Famous quote says –
“You can easily judge the character of a man by how he treats those who can do nothing for him.”
Although I am no one to judge but the first impression I get of anyone I meet is based on this one line very vividly.
Seeing someone behave disrespectfully boils me immediately. I’m trying to work on how to either stop that (when I can) and at the same time cool myself down.
Followed by these topics was about how family oriented we are. I think somehow that’s nice. Since we have the backbone and support at all times. And, at the same time, I believe it’s better to have some distance (sometimes). Reason?
To avoid conflict.
Which brings me to the next very important topic that we discussed. Conflict handling and resolution.
It’s unbelievable how difficult it is to confront most Indians (personal experience only) about problems. For some reason, we cannot talk about problems or rather, find a reasonable solution without all the drama. It’s just impossible to be direct. Well, I tried on multiple occasions and this did not end well, for me. Of course there are so many exceptions to all these points but I am basing it on majority cases.
And hence, family space as mentioned before is better for this reason. Problems created, no ideal confrontation solutions and hence, more complications. That kinda comes to more problems and sometimes less personal happiness.
Another interesting thing was about how to tell and discuss with an employee that they are not working as per expectations and need to scale up their work.
The funniest thing was, a German in the room immediately answered – “I would say, ‘You Suck’ and it’s done“.
Very German I must say but not every German talks that way. At the same time, they wouldn’t beat around the bush either.
Coming to Indians, it’s the praise-complain-praise rule that applies. Slightly slide in the remark but don’t hurt the confidence or ego.
I don’t know that’s good, but that’s the way it works apparently.
Moving on and skipping some topics, we came to the topic of greeting elders by touching their feet.
I’m personally accustomed to it. It’s not something I do (or allowed to do since I’m yet a single unmarried girl. But suddenly I’m expected to do for my in-laws once I’m married. Still thinking and trying to find logic in that.), nonetheless, it’s something which varies from which part of country you come from.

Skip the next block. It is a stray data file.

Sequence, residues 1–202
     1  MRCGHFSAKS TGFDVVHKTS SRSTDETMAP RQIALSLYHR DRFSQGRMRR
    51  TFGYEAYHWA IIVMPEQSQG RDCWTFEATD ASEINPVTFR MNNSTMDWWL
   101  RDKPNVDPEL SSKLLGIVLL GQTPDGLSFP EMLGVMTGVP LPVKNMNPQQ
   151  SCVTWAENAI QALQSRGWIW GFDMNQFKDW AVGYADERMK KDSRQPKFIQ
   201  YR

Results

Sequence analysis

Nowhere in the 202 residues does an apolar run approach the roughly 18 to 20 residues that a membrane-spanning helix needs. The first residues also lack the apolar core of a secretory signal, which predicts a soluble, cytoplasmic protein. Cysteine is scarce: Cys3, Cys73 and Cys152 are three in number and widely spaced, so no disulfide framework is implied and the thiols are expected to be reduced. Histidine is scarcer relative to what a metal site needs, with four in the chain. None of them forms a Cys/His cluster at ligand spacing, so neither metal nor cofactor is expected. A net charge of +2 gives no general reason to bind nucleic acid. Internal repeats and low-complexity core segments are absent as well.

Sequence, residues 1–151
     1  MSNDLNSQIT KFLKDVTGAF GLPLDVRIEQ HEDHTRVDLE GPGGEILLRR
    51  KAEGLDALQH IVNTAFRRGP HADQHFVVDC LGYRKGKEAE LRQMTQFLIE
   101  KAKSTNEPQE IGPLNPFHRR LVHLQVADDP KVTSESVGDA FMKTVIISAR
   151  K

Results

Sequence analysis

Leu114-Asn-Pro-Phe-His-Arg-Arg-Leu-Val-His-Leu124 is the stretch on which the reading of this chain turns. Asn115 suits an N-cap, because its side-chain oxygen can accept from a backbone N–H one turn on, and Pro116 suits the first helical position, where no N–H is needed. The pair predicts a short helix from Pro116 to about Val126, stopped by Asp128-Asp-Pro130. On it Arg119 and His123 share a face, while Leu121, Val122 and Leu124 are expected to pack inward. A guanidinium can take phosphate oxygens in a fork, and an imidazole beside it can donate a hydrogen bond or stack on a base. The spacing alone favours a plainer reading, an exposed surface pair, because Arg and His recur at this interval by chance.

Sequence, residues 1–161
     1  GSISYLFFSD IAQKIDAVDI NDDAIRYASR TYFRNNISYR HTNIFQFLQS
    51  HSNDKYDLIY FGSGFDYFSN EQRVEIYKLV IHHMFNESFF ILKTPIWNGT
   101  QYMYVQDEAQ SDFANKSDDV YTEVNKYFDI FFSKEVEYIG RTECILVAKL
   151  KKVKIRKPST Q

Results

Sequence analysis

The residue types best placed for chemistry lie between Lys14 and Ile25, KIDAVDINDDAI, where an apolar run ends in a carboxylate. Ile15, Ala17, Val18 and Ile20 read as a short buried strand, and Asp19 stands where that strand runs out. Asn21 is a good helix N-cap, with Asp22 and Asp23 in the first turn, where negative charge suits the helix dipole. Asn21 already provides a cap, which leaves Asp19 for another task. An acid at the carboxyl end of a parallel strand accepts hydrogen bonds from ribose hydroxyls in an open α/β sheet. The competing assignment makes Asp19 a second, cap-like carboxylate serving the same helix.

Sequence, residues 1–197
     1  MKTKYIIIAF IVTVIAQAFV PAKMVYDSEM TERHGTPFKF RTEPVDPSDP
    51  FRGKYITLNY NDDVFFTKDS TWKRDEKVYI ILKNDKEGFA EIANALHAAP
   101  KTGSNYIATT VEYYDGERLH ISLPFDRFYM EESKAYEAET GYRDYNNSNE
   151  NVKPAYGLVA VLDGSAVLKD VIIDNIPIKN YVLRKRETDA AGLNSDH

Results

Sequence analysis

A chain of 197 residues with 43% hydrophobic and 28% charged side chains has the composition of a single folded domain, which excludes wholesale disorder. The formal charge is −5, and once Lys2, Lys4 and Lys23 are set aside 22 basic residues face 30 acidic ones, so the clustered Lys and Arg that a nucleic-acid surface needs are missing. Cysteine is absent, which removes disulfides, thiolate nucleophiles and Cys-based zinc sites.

Again, we were asked to pair up and try this activity and express how we felt. Not surprisingly, none of them enjoyed touching the other ones feet. But also, they didn’t like someone else submitting to them either.
The concept of bowing down or someone else bowing down to you is pretty foreign.
This roots down to colonization again where respect means bowing down. Of course touching your parents feet or grandparents feet must have been there years and years before that too.
I personally feel, blessings from parents are always with us. Loving them and respecting them from heart is more important than forcefully bowing down. Some do it out of respect and some by force. It’s not always a personal choice but rather a society choice.
There were a lot more explanations about arranged marriages, food, religion, infrastructure and the contrast one sees when you’re there.
Indian culture is indeed a very complex topic and in order to get it, one must be open to both learning and understanding it.
But isn’t it the same for each unique culture in the world? It’s complexity, roots, values and variety makes this world so much more interesting! 🙂
To lighten the topic a bit, here is a video with explanation to the Indian-Head-Wobble 🙂
Keep smiling and stay strong 🙂
P.S. Please feel free to add your comments, views and questions to the comment section or a direct email to me 🙂
P.P.S. I hope I didn’t offend too many people in the process of expressing myself. It was a perspective that I understood and saw recently about the culture that I belong to, but don’t understand it and yet do, completely. 🙂